During the pandemic, she joined Sens. Bernie Sanders (I-Vt.) and Ed Markey (D-Mass.) to back a proposal that would give $2,000 monthly payments to millions of financially struggling Americans through the crisis — a proposal Biden’s campaign has not explicitly backed.
Arguably, Harris’ biggest moment in the Democratic presidential primary came at the expense of Biden; she took a shot at him on the debate stage for opposing a federally mandated busing program to racially integrate schools in the 1970s as a senator. But there hasn’t been any bad blood between the two of them as they presented a united front to defeat Trump.
Both Harris and Biden referred to the closeness of their families, particularly Harris’ past friendship and work with Biden’s revered son Beau, the former Delaware attorney general who died of brain cancer in 2015. Beau Biden and Harris worked together negotiating with banks during the 2011 and 2012 foreclosure crisis — a partnership that reportedly weighed heavily in Biden’s decision to pick Harris as his running mate.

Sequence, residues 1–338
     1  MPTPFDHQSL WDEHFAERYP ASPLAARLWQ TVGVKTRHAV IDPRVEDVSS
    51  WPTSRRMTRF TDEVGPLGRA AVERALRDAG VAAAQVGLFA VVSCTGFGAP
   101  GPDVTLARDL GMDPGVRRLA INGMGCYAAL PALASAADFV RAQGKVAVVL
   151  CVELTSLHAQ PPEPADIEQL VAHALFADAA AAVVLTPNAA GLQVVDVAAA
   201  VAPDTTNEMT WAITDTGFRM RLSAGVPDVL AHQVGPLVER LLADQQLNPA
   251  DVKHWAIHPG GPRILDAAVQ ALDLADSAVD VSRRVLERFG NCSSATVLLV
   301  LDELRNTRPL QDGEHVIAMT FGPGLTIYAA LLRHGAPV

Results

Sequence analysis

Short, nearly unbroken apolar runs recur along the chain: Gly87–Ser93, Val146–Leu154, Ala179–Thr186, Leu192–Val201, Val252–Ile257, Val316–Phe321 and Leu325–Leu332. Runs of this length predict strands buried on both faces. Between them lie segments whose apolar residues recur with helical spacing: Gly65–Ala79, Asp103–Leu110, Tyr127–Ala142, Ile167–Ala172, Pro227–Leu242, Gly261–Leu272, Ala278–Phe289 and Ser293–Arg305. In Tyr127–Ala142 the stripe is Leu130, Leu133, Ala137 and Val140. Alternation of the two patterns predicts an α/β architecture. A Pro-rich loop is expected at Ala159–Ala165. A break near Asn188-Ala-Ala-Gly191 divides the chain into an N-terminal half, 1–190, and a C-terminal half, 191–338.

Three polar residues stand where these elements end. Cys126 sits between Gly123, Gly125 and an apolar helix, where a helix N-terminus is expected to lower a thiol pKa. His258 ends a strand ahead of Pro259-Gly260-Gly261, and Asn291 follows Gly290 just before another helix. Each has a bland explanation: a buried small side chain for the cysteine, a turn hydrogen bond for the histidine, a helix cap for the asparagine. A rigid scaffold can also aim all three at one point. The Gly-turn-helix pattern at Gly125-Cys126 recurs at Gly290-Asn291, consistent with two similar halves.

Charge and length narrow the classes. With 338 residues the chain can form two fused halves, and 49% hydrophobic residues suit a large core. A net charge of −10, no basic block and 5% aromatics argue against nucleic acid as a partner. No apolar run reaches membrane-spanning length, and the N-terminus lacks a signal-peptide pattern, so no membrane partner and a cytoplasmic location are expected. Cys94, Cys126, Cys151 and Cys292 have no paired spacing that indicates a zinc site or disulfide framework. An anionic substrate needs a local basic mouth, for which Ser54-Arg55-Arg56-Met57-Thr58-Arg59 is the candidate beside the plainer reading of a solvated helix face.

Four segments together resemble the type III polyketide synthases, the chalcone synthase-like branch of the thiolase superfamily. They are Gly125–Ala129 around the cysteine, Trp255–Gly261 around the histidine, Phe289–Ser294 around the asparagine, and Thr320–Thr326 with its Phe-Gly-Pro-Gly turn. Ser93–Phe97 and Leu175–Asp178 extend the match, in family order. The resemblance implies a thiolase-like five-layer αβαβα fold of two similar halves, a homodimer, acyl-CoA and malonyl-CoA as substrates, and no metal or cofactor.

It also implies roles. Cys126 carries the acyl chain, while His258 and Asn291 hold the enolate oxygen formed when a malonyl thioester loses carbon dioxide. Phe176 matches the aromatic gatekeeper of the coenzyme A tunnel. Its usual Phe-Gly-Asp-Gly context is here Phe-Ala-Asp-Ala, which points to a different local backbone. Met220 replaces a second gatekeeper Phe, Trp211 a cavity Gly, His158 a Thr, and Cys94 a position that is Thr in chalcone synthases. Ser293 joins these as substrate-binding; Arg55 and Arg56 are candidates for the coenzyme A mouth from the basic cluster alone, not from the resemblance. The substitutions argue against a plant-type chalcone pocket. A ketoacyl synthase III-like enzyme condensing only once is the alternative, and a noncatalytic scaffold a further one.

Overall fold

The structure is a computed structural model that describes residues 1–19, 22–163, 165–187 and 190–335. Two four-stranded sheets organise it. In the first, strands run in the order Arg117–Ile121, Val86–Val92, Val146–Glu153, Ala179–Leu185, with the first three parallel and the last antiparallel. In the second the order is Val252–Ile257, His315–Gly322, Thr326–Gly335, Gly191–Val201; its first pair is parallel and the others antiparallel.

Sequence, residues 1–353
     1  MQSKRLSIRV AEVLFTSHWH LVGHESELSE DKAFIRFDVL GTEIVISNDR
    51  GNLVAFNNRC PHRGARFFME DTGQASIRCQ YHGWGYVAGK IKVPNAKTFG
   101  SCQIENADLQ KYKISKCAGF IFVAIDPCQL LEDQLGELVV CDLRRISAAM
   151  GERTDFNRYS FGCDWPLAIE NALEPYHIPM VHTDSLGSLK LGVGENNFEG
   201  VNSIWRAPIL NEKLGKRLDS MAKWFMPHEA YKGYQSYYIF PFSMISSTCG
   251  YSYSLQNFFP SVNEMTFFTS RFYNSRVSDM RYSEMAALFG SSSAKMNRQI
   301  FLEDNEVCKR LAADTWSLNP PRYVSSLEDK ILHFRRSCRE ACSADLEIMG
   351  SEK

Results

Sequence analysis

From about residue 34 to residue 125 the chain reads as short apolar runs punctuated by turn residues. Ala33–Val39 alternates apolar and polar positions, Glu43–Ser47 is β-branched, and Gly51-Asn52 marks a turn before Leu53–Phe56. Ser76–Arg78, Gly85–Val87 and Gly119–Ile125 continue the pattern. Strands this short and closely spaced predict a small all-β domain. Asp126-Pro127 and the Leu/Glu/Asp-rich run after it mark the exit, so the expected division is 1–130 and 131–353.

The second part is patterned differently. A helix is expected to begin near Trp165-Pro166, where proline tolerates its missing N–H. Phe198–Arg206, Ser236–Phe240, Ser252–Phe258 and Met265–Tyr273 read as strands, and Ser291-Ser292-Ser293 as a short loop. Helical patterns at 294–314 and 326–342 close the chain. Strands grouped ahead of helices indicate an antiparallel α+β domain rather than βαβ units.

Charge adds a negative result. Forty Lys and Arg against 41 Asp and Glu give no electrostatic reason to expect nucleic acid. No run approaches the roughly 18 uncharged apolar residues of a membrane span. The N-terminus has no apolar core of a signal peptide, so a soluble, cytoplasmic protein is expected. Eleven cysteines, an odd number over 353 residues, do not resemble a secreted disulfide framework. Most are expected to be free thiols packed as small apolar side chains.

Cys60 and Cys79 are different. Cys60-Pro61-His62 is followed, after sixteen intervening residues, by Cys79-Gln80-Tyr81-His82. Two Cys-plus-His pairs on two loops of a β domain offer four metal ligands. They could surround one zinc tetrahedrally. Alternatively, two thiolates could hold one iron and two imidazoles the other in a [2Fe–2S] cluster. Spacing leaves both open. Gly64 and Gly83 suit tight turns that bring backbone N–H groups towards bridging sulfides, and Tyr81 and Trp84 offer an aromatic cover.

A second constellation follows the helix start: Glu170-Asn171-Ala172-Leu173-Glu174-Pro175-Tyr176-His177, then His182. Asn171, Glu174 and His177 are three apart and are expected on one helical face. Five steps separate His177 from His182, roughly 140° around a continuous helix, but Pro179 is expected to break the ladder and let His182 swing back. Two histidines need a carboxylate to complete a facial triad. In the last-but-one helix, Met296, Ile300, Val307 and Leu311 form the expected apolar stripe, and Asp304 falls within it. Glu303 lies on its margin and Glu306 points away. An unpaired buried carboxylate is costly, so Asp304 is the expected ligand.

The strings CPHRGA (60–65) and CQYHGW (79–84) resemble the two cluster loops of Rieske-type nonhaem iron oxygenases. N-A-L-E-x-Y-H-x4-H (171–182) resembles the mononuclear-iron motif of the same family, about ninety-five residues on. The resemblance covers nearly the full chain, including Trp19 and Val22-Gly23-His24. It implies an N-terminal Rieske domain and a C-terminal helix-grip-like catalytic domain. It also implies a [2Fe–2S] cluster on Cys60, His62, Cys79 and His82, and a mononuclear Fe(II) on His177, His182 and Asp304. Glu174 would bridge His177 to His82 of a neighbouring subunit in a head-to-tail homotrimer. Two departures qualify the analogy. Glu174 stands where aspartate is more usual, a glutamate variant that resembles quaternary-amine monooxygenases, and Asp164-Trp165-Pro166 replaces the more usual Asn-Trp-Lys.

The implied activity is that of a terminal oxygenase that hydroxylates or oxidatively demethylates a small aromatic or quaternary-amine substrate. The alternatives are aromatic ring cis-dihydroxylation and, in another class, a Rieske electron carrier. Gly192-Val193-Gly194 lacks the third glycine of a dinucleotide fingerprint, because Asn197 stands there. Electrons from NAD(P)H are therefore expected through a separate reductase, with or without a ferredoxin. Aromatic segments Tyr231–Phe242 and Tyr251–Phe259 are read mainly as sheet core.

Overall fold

Republicans and Trump backers have attacked Harris for being part of the “left-wing mob” and being “extreme,” and also for being a too-moderate pick for Biden that will fail to energize the progressive wing of the Democratic Party.
Biden said his campaign saw single best day for online donations after announcing Harris as his running mate. ActBlue, the website that processes online donations for Democrats, reportedly saw $30 million in donations after Harris was named to the ticket.
This article originally appeared on HuffPost and has been updated.